ProkofievWhile once deemed too modern for ballet, Prokofiev’s Romeo and Juliet was to become an enduring treasure of twentieth-century music. By the time the composer began work in 1935 on his ballet based on the great Shakespearean tragedy, other composers had already offered a number of successful compositions on the theme. Preceding Prokofiev’s ballet were at least fourteen operas, Berlioz’s symphony, and Tchaikovsky’s fantasy overture.

Problems plagued Prokofiev in his quest to stage the ballet. Originally slated for the Kirov Ballet, the company backed out of their contract with the composer. Prokofiev then approached theater director Sergei Radlov of the Bolshoi Ballet to stage the debut of the work. That relationship was not to bear fruit, for Radlov ultimately rejected the ballet, declaring the music impossible for dancing. After another broken contract with the Leningrad Ballet in 1937, and further political troubles for the composer in the Soviet Union, the ballet was accepted by Czechoslovakia’s Brno Opera in 1938, where it had its debut on 30 December 1938. Eventually, in 1940, the work returned to the Soviet Union to the company for which it was originally intended. The Kirov Ballet staged the work, finally giving the ballet the critical acclaim it deserved. In the interim, Prokofiev arranged two orchestral suites, as well as ten solo piano pieces from the ballet, which were performed in Moscow during 1936–37. Eventually the ballet, along with its orchestral and solo offspring, became so popular that the composer set about arranging a third orchestral suite in 1946.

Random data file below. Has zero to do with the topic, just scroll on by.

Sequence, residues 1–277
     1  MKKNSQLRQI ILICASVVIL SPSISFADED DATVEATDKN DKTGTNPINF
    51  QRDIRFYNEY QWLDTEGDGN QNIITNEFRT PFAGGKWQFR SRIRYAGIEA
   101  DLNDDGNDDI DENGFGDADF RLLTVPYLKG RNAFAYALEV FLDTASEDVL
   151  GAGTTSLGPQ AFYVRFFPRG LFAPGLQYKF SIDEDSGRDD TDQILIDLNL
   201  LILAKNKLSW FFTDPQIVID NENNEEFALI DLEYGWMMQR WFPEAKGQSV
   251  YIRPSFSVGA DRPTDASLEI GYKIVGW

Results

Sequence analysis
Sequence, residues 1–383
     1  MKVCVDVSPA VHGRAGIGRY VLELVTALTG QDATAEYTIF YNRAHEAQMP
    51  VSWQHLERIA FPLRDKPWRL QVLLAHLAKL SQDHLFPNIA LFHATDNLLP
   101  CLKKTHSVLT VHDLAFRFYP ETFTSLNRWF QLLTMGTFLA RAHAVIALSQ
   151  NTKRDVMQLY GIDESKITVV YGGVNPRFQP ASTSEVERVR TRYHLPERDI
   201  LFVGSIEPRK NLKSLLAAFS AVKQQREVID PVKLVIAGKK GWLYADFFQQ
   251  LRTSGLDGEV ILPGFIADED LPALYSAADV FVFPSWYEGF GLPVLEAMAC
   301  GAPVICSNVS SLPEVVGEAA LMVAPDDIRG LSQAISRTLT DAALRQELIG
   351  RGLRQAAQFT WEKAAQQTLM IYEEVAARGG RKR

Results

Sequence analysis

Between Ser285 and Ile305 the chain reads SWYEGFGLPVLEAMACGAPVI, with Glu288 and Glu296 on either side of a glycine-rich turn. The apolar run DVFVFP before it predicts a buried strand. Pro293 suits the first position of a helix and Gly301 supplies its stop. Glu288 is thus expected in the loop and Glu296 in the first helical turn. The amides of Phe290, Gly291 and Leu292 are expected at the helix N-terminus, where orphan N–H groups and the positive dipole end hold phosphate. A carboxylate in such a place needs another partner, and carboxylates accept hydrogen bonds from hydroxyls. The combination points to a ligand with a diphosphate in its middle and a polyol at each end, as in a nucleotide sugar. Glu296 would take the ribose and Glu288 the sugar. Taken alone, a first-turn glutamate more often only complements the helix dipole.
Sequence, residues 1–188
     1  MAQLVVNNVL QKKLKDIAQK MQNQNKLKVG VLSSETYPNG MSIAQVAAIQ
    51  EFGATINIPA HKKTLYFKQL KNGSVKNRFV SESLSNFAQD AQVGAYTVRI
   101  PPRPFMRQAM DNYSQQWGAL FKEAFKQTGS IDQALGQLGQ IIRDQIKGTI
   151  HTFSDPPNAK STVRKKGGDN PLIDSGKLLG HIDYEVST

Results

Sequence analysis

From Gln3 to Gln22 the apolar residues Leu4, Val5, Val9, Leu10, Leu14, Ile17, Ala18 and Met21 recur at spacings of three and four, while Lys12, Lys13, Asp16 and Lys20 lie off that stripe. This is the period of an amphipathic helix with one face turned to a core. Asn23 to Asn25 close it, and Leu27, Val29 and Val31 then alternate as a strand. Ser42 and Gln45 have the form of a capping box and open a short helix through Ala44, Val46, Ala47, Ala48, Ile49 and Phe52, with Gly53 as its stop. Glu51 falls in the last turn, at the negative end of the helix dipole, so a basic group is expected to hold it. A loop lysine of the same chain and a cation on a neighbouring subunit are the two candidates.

The second of the three suites is comprised of seven sections, most of which are descriptive of scenes from the Shakespearean play. No. 1 “The Montagues and Capulets” depicts the two Veronese noble houses, “both alike in dignity”, but in constant turmoil due to a long-standing feud. The second section, “The Young Juliet”, musically portrays Lady Capulet summoning her very young daughter to tell her of young nobleman Paris’ offer of marriage. In Friar Lawrence (No. 3), when Juliet’s father resolves that she will marry Paris, Juliet turns to the friar in despair, threatening to take her own life unless Lawrence can help her. This solemn section is followed by the sprightly “Dance” (No.4) with its lively oboe melody. In “Romeo and Juliet before Parting”, the Prince of Verona has ordered Romeo into exile after the death of Tybalt. Romeo and Juliet spend a final night together and, as the dawn breaks, they take leave of one another sadly, and Romeo leaves the city. No. 6 is another dance, this time an elegant one where young girls bring lilies to Juliet’s window on the slated morning of her wedding to Paris.

Finally, in “Romeo at Juliet’s Tomb”, having taken the drug given her by Friar Lawrence and in all semblance of death, Juliet is placed in the Capulet tomb. Lawrence’s message to Romeo is delayed, and the latter is told by his servant that Juliet is dead. Romeo procures a poison, and consumes it at her side. Awakening to find him dead, she grasps his dagger and kills herself. Discovered by both families and Friar Lawrence, the heartbroken families, in light of their children’s tragedy, resolve their differences now having lost “a brace of kinsmen.”